This is how, in the 1960s, proof was provided that the nucleus does in fact not lose its information; rather, it maintains them throughout the frog’s entire lifetime. “That was basic research,” points out Christina Brandt. “The scientists involved in the project did not aim at cloning identical individuals.”
Other expert groups developed visions
While the embryologist community still debated about the results of John Gurdon’s research – their status was not yet clear, because the original nucleus had been switched off rather than removed – other scientists picked up the knowledge of the new technology and began to develop far-reaching future visions. The knowledge that cloning was possible seeped into society; the image of a new bio-power solidified. In the 1960s, the status of biology changed dramatically in the public perception: molecular biology was increasingly regarded as the leading science of tomorrow.
“Outside the close circle of experts, people lack the awareness of how complex this kind of research really is,” explains Christina Brandt. “Moreover, the 1960s were an era of optimistic faith in progress. In the USA in particular, people believed in a dynamics of technological forces. It went along the lines of: like it or not, cloning will become reality.” In Germany, on the other hand, the people regarded it more critically. Here, memories of the NS ideology came up.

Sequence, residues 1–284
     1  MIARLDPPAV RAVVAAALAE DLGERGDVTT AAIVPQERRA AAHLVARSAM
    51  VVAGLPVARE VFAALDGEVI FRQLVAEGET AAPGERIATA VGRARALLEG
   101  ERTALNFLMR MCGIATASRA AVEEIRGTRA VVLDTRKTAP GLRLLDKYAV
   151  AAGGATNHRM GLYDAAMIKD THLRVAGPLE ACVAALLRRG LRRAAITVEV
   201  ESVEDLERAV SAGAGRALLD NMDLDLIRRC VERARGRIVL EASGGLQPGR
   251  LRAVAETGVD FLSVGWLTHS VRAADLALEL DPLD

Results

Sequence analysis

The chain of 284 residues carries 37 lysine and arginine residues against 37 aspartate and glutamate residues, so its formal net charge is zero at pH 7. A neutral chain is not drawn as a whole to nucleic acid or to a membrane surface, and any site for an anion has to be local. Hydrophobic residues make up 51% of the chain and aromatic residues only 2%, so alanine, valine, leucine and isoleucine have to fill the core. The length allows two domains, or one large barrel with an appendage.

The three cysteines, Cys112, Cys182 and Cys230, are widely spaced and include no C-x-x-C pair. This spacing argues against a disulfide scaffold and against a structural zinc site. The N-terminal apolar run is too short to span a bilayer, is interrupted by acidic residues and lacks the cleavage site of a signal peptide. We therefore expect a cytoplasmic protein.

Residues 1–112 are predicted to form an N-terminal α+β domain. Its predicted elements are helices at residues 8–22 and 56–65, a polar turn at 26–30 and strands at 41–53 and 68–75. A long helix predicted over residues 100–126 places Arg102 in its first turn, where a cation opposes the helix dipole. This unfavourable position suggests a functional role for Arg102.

In the meantime, embryologists turned their back on cloning technology and focused on the questions that the results of John Gurdon’s research had raised: they concluded that, if the nucleus never changes its information during lifetime, (as yet unknown) elements with regulatory functions had to be located in the surrounding cytoplasm. Those elements determine which genetic information is read and implemented at which point during embryonic development.
Meanwhile, knowledge of cloning circulated. In the 1970s and 1980s, a widespread public and political debate about cloning emerged. The researchers who had developed cloning disassociated themselves from it: they were interested in the technology, not in the cloning of humans.
30-year-old technology results in Dolly